The Lightning Process (LP) is a commercial programme developed by Phil Parker based on ideas from osteopathy, life coaching and neuro-linguistic programming. It has been endorsed by celebrities like Martine McCutcheon and Esther Rantzen, who credits it for her daughter’s recovery from ME. Parker claims that LP works by teaching people to use their brain to “stimulate health-promoting neural pathways”. One young patient once described it as follows: “Whenever you get a negative thought, emotional symptom, you are supposed to turn on one side and with your arm movements in a kind if stop motion, just say STOP very firmly and that is supposed to cut off the adrenaline response.”
Allegedly, the LP teaches individuals to recognize when they are stimulating or triggering unhelpful physiological responses and to avoid these, using a set of standardized questions, new language patterns and physical movements with the aim of improving a more appropriate response to situations. The LP involves three group sessions on consecutive days where participants are taught theories and skills, which are then practised through simple steps, posture and coaching.
A few days ago, someone asked my help writing to me: Norwegian newspaper is attacking patients for objecting to a clinical trial of the lightning process which is horrible quackery. LP is being backed by some people in Norwegian health authorities. Could you bring attention to how disgraceful this is please? I promised to look into it. Hence this post.
My searches located just one single trial. It seems to be the only controlled clinical study available. Here it is:
Design: Pragmatic randomised controlled open trial. Participants were randomly assigned to SMC or SMC+LP. Randomisation was minimised by age and gender.
Setting: Specialist paediatric CFS/ME service.
Patients: 12-18 year olds with mild/moderate CFS/ME.
Main outcome measures: The primary outcome was the the 36-Item Short-Form Health Survey Physical Function Subscale (SF-36-PFS) at 6 months. Secondary outcomes included pain, anxiety, depression, school attendance and cost-effectiveness from a health service perspective at 3, 6 and 12 months.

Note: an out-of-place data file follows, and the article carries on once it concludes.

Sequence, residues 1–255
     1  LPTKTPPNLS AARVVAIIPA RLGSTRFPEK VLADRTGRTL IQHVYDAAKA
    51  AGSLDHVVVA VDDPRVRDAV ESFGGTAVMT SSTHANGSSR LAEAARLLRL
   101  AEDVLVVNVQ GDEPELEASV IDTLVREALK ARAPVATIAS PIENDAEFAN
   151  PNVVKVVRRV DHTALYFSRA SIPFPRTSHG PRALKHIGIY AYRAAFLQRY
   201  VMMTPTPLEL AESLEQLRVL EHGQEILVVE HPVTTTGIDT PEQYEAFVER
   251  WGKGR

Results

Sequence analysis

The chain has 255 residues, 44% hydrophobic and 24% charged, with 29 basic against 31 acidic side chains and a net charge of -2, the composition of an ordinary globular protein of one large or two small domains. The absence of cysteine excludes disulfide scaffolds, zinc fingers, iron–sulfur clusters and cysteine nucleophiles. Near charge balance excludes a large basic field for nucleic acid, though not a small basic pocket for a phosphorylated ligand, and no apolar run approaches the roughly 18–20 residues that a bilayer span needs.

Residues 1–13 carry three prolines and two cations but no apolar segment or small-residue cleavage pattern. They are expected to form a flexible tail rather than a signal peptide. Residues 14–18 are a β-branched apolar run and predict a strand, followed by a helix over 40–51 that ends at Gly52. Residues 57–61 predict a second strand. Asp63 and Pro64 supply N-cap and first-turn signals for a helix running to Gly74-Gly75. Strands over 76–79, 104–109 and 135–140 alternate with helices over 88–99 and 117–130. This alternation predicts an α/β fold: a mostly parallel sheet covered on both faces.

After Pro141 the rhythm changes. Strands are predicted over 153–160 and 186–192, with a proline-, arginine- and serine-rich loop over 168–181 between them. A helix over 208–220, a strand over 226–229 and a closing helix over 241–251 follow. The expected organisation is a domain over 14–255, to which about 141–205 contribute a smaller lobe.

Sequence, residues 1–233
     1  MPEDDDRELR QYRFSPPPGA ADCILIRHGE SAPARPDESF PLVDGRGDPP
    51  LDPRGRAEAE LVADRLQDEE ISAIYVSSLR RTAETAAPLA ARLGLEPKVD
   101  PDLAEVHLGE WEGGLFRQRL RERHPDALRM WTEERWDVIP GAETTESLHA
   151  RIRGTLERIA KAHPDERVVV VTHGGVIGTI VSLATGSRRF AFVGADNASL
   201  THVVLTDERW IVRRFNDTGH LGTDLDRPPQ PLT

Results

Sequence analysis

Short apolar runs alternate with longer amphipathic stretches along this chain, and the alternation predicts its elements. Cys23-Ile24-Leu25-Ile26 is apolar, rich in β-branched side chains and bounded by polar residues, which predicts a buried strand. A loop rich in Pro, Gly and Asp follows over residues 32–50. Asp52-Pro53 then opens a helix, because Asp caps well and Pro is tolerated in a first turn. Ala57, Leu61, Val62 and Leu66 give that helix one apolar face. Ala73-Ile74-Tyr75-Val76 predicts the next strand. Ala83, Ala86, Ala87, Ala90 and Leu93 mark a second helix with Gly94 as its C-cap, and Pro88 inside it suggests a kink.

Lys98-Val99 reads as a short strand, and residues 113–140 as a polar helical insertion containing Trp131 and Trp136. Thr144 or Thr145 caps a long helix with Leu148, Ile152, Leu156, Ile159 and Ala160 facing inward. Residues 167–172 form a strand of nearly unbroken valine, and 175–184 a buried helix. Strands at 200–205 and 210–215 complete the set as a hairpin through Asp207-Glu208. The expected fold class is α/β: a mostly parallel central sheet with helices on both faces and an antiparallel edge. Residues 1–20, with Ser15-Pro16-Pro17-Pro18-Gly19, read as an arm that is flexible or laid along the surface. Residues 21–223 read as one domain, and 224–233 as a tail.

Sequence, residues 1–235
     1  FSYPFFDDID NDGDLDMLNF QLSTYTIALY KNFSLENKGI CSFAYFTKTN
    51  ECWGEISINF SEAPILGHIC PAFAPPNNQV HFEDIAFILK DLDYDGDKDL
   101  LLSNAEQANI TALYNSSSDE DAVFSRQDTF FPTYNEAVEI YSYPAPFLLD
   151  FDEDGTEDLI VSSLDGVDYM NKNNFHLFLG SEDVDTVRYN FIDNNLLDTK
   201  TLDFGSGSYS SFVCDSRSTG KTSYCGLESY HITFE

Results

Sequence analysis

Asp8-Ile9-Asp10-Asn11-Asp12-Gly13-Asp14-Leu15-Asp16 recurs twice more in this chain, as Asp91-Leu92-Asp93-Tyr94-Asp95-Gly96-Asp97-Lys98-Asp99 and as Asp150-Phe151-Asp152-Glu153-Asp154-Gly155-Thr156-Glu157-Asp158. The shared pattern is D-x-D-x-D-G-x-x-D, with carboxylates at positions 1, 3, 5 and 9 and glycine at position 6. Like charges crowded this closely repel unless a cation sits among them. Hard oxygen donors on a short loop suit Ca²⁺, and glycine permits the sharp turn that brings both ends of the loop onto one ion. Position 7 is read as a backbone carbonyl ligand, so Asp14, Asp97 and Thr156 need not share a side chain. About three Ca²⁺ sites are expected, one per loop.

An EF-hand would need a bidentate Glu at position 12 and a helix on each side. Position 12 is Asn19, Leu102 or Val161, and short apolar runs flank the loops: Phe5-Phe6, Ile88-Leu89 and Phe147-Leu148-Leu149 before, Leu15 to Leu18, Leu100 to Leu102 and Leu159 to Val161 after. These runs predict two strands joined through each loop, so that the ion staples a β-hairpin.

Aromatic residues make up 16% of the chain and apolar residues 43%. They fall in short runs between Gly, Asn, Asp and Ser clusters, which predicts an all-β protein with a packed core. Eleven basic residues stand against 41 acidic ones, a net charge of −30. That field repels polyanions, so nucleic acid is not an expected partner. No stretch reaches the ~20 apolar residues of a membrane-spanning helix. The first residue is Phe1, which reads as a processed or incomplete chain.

Results: We recruited 100 participants, of whom 51 were randomised to SMC+LP. Data from 81 participants were analysed at 6 months. Physical function (SF-36-PFS) was better in those allocated SMC+LP (adjusted difference in means 12.5(95% CI 4.5 to 20.5), p=0.003) and this improved further at 12 months (15.1 (5.8 to 24.4), p=0.002). At 6 months, fatigue and anxiety were reduced, and at 12 months, fatigue, anxiety, depression and school attendance had improved in the SMC+LP arm. Results were similar following multiple imputation. SMC+LP was probably more cost-effective in the multiple imputation dataset (difference in means in net monetary benefit at 12 months £1474(95% CI £111 to £2836), p=0.034) but not for complete cases.
Conclusion: The LP is effective and is probably cost-effective when provided in addition to SMC for mild/moderately affected adolescents with CFS/ME.
The trial was designed as an ‘A+B versus B’ study which practically always generates a positive outcome. It did not control for placebo effects and is, in my humble view, worthless and arguably unethical. It certainly does not warrant the conclusion that LB is effective or cost-effective.
I do not doubt that the LP-children improved, but I see no reason to believe that this had anything to do with LP. It could have been (and most likely was) caused by the intense attention that these kids received over three days. Giving them a daily ice-cream and some kindness might (and probably would) have produced even better outcomes.
So, what do we call a therapy for which numerous, far-reaching claims are being made, which is based on implausible assumptions, which is unproven, and for which people have to pay dearly?
The last time I looked, it was called quackery.